Airlines jump in as Estonian Air stops flights

Estonia also sets up replacement airline, with no planes
Airlines are launching new routes to and from Tallinn after state-owned Estonian Air ceased operations at the weekend. Estonia’s flag carrier made the announcement after European Union regulators ordered the country to take back €85 million given to it in state aid.
A three-year European Commission investigation found that financial assistance extended to the loss-making carrier had given it an unfair advantage. As previously reported, Estonian officials knew that such a ruling would automatically bankrupt the airline.
Estonian Air says that passengers with tickets to fly until November 11 will be transferred to other flights and the rest will have their tickets refunded.
SAS has jumped in to fly between Tallinn and Stockholm (four times a day), Oslo (one flight a day) and Copenhagen (three flights a day) from next week.
“Tallinn is a destination with a high proportion of frequent travellers and is also a popular holiday getaway. We therefore decided to act quickly, as Tallinn is a large and important destination in our region. Scandinavia also occupies a geographically advantageous location for shuttle services to and from Estonia,” commented Eivind Roald, executive vice president commercial at SAS.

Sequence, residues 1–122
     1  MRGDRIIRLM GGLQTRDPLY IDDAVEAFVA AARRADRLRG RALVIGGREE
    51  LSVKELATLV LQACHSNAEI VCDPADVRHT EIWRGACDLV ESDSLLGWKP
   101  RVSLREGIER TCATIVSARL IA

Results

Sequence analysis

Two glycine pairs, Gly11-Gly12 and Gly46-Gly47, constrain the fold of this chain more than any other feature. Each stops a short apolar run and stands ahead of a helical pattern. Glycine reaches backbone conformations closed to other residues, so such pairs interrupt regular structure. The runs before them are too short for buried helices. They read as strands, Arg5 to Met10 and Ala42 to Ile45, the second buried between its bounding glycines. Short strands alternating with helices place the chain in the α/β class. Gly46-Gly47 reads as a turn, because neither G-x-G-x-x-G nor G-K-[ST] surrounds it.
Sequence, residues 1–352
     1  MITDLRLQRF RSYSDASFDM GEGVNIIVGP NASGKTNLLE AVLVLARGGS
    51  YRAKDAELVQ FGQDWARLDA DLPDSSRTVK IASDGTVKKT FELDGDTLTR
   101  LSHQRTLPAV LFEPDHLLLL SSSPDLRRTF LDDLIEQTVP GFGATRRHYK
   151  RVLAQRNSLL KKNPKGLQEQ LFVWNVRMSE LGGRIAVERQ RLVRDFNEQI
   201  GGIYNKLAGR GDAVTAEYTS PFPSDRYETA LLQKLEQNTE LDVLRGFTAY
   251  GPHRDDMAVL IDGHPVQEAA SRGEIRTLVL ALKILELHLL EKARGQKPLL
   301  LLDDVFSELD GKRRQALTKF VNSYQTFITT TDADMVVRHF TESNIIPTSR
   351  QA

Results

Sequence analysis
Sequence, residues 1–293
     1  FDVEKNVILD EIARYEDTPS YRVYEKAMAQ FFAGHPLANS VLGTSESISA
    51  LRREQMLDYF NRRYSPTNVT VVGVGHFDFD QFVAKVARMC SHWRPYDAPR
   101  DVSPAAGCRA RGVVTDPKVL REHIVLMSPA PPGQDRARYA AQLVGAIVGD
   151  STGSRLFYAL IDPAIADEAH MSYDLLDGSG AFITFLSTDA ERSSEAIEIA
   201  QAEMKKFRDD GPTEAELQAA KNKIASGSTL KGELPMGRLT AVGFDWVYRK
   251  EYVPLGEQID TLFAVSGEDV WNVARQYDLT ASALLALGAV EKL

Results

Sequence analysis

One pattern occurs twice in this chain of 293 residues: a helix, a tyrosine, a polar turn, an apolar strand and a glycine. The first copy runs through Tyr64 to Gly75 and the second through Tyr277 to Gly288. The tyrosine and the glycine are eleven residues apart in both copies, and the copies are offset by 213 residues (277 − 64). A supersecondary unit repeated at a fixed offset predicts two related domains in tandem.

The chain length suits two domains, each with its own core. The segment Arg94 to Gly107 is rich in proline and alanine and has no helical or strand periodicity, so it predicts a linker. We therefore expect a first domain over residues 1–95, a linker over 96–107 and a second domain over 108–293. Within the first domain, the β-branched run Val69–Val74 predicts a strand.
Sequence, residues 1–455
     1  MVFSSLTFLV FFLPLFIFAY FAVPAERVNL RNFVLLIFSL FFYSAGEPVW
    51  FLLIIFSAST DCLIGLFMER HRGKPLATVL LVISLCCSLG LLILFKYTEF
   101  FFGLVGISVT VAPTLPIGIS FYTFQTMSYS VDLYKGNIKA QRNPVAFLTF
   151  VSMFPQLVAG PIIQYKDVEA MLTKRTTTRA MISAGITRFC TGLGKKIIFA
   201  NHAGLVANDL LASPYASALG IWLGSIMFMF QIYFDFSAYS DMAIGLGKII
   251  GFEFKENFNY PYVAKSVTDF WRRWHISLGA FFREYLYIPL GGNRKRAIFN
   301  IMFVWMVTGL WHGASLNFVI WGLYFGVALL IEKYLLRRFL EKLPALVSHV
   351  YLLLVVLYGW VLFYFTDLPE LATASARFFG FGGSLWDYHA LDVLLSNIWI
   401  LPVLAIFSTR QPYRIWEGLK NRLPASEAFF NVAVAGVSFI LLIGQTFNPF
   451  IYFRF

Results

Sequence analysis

The Latvian carrier airBaltic says it will operate flights to and from Tallinn in addition to those already in operation between Tallinn and Riga, Berlin, Paris and Vienna.
However, Estonia has already made preparations to set up a replacement airline for Estonian Air, named Nordic Aviation. It has contracted five airlines to operate eight routes, to Amsterdam, Brussels, Copenhagen, Stockholm, Oslo, Kiev, Trondheim and Vilnius.
As Nordic Aviation does not yet have its own resources, fleet, crew and flights are for now operated by BMI, Trade Air, NextJet and Carpatair, while Adria Airways provides the operator’s certificate, commercial platform and ticketing system.
But critics say the success of Nordic Aviation is unlikely due to Estonia’s unfavourable demographics, the cost of air travel for the local population and Tallinn’s location sandwiched between the two hubs of Helsinki and Riga.
Reuters / BBN